Yangshuo 

At Yangshuo 99% of the tourists hopped buses to return to Guilin - yours truly stayed and had 2 wonderful days in this cute town.  A small farming town stride the Li River, it was discovered by backpackers and has developed into a destination of its own rather than a turn-around point for Guilin tourists.  The center of the town is chock-a-block with quaint Chinese and Western-style cafes, pubs, and lots of people who could speak English.  Our favorite experiences:

  • CoCo Hotel - Jimmy (notice how he is still around?)China Yangshuo hotel room.jpg (21091 bytes) promised to find us a hotel for 180 Yuan (about $US22) and succeeded; the CoCo was a cute place with large clean rooms; bigger than most we had seen so far, at half the price.  We used this as our base for the 2-day stay in Yangshuo.
  • Walk to Yueliang Shan - on ourChina Yangshuo moon hill.jpg (14533 bytes) first day, we decided to walk to the premier attraction, Yueliang Shan (aka Moon Hill), much to the disgust of 20+ 'tour guides' and pedicab drivers who stopped us on the way out of town offering their services.  A couple of hours of walking in the clean air brought us to a hill with a hole in the middle - not 'world-class, but an enjoyable walk.  We rode back on a motorcycle with a 2-person sidecar; slow but comfy.
  • Riding Bikes through the countryside - China Yangshuo farm scene.jpg (22377 bytes) rental bikes abound.  For 10 Yuan we rented 2 bikes for a day and pedaled 10 km past puffing tractors, speeding buses, and pedicabs while waving to the farmers working the lush, green rice paddies on our way to the town of Fuli.  The town wasn't much, but the people were friendly and they had cold bottles of water to replace what the hot day had sapped from us.  The return trip was slower, Bob's chain broke and Judi had to tow him half way back.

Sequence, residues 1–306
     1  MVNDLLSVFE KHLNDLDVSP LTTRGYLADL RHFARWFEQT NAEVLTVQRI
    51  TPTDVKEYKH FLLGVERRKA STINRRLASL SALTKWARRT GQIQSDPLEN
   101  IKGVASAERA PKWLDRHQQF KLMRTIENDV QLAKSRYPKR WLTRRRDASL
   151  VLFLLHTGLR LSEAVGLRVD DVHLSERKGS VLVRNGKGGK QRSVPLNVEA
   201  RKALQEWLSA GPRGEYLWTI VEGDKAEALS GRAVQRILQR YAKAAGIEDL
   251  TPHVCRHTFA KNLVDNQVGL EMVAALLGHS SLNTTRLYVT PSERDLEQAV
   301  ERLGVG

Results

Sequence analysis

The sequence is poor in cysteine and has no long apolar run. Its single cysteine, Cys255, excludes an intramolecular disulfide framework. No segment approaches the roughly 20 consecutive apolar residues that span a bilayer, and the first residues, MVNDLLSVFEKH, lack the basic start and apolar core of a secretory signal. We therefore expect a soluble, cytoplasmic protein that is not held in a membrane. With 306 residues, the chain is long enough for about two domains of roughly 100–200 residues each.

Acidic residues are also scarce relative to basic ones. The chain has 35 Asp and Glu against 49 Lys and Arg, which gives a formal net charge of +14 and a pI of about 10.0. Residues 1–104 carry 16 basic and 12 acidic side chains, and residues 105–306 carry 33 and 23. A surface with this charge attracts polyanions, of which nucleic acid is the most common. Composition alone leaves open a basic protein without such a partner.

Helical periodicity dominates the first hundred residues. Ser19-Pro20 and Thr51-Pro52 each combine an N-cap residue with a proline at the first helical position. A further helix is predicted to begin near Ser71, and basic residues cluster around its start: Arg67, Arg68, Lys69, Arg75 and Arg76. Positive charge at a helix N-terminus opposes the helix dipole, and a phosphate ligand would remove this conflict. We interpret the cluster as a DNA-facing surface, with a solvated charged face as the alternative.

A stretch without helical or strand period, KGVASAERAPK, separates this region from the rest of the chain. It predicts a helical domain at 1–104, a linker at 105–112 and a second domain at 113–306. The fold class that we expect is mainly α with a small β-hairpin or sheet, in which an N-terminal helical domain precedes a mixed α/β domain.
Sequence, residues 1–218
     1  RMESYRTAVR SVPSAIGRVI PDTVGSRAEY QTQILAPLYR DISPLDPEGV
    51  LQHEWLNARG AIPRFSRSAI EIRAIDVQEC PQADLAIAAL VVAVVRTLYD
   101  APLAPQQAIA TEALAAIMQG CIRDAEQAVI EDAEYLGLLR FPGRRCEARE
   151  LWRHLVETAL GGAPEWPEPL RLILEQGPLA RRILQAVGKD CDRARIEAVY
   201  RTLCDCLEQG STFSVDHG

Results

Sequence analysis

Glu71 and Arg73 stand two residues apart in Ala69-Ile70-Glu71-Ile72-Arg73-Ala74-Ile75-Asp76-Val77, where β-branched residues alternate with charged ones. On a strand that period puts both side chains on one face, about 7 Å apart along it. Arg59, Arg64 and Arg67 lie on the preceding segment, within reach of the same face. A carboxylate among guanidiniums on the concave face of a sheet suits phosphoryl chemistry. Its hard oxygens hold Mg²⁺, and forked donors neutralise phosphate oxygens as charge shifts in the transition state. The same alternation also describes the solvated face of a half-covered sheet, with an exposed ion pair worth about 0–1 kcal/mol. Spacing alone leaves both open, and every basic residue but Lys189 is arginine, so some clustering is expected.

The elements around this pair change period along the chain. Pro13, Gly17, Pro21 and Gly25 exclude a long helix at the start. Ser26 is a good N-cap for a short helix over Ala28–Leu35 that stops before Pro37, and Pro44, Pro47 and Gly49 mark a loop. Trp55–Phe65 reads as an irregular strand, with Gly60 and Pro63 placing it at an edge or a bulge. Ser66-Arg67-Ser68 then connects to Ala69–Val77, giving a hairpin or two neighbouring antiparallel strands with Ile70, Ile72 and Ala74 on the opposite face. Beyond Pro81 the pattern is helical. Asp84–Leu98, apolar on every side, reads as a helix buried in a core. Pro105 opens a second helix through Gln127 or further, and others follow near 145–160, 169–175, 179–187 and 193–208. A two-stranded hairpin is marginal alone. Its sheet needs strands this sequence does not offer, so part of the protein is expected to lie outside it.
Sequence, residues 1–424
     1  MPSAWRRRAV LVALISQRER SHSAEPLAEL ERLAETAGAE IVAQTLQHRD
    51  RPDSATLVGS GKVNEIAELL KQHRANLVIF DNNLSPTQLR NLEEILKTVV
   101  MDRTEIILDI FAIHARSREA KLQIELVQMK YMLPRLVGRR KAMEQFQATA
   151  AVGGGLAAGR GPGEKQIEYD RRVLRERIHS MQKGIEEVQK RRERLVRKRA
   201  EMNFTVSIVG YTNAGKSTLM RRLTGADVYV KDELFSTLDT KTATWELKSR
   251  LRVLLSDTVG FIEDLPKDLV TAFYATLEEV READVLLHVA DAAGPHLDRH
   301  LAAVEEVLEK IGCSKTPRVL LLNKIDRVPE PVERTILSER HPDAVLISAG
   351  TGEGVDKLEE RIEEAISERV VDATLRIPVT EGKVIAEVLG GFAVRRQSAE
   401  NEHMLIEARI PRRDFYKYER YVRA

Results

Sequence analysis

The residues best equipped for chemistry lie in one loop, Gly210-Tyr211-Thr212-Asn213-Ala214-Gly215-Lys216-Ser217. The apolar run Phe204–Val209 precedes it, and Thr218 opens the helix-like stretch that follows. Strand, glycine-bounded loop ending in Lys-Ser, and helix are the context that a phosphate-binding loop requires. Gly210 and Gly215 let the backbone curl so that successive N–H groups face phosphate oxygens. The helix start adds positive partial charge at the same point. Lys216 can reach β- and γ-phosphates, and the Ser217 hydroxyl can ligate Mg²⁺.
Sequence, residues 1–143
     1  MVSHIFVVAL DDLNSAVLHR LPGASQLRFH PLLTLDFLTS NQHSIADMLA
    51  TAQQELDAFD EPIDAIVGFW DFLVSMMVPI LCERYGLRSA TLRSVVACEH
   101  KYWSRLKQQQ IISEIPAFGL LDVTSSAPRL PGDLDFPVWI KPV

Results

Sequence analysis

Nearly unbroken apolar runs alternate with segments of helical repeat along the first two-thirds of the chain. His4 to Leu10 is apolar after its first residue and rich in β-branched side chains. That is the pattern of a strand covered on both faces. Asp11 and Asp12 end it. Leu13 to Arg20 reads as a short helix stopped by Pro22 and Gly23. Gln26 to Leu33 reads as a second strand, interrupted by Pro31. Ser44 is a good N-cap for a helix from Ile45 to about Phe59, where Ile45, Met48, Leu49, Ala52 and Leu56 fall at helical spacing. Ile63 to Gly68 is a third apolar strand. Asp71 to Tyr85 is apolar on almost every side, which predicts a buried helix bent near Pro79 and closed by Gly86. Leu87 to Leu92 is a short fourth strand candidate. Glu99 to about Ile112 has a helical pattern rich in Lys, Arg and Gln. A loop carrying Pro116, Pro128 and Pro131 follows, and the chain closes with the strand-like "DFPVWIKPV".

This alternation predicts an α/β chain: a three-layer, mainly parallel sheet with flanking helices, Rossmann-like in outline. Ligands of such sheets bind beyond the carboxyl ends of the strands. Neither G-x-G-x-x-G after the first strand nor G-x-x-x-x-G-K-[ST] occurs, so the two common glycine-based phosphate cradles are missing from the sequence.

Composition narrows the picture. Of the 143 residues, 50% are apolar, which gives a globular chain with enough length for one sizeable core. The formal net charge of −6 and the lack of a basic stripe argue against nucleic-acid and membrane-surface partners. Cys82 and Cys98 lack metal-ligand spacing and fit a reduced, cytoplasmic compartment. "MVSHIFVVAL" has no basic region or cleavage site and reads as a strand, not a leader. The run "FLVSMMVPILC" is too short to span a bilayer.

• The snakeman - While having our China Yangshuo street scene.jpg (21971 bytes)sundowner at Minnie Mao's, we noticed a guy showing a 3' snake to a couple of Danish girls.  They played with it a bit, then the guy cut off its head, and with the help of his 10-year old daughter, drained the blood for them to drink, stripped off the skin, cut it up into pieces, and took the pieces back to cook. Soup appeared shortly.  Seems they had ordered snake soup, and the show was part of meal.

Departure from China - At 0430 our alarm let us know it was time catch an early ride to the airport. Jimmy (again!) had organized a beat-up taxi to get us to the Guilin airport in time for our 0830 flight.  After a 'shortcut' that almost made us miss our plane, we hopped a flight to Guangzhou.  There, after a couple of hours wandering the halls, we found a pay-for-use lounge where we waited a few hours until our connecting flight to Singapore.

Bittersweet Departure -We were very sad to leave China, and Yangshuo in particular - we had seen many amazing sights and met lots of wonderful people.  On the other hand, we were a little weary of living out of suitcases and longed for the discipline and order of Singapore. Check out our overall observations and recommendations.

 

 

©The contents of this site are the copyright property of the authors.  Visitors may read, copy, or  print any material for their own use, free of charge.  No material printed or copied from this site, electronically or in any other form, may be sold or included in any work to be sold without explicit permission from the authors. Most maps have been extracted from Microsoft Encarta, Encyclopedia Britannica, or Google Earth and we thank them for their use